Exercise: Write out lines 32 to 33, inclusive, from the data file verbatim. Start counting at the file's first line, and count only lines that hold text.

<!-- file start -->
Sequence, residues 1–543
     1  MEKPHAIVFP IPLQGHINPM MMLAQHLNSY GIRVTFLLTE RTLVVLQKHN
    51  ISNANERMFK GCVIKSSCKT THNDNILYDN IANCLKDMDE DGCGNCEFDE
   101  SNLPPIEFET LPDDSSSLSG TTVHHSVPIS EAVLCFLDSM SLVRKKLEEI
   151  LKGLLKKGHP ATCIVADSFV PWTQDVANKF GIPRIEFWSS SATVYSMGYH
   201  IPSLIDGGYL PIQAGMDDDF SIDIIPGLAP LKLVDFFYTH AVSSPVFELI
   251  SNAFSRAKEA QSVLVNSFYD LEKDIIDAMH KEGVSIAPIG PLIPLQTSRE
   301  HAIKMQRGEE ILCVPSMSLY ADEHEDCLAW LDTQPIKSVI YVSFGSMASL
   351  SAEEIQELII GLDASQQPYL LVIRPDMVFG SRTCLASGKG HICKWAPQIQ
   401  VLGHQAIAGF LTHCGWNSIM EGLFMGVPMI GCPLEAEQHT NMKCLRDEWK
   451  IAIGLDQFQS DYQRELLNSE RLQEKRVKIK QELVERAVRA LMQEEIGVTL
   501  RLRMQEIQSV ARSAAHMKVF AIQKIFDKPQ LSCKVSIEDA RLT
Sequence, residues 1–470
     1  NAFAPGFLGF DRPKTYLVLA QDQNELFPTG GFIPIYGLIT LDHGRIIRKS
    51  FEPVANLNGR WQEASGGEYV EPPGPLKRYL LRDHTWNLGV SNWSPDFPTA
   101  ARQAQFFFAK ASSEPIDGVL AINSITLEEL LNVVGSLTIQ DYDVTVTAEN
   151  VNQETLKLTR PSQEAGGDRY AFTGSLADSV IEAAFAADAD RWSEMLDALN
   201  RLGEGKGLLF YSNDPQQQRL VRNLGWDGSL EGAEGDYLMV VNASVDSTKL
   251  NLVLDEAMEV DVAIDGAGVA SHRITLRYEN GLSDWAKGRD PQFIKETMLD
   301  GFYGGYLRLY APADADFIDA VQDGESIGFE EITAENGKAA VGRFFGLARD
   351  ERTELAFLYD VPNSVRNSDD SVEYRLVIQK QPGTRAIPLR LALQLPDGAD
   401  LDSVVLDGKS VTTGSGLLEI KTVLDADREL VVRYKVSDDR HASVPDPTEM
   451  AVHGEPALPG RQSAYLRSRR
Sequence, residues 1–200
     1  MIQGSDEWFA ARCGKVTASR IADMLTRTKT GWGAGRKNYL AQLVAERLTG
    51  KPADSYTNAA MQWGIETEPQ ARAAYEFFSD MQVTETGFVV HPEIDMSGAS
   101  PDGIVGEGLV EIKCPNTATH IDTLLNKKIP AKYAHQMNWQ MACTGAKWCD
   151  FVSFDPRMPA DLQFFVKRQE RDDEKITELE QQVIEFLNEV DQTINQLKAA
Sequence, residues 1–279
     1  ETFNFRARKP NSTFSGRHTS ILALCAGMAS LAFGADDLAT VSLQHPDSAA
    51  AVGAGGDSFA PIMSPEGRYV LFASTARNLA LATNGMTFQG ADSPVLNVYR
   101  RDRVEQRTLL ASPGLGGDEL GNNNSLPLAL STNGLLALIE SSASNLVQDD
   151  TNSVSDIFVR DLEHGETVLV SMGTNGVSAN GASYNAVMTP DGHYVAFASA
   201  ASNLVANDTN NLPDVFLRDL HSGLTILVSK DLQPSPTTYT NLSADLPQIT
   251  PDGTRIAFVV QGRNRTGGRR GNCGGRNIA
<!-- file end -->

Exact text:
   101  RDRVEQRTLL ASPGLGGDEL GNNNSLPLAL STNGLLALIE SSASNLVQDD
   151  TNSVSDIFVR DLEHGETVLV SMGTNGVSAN GASYNAVMTP DGHYVAFASA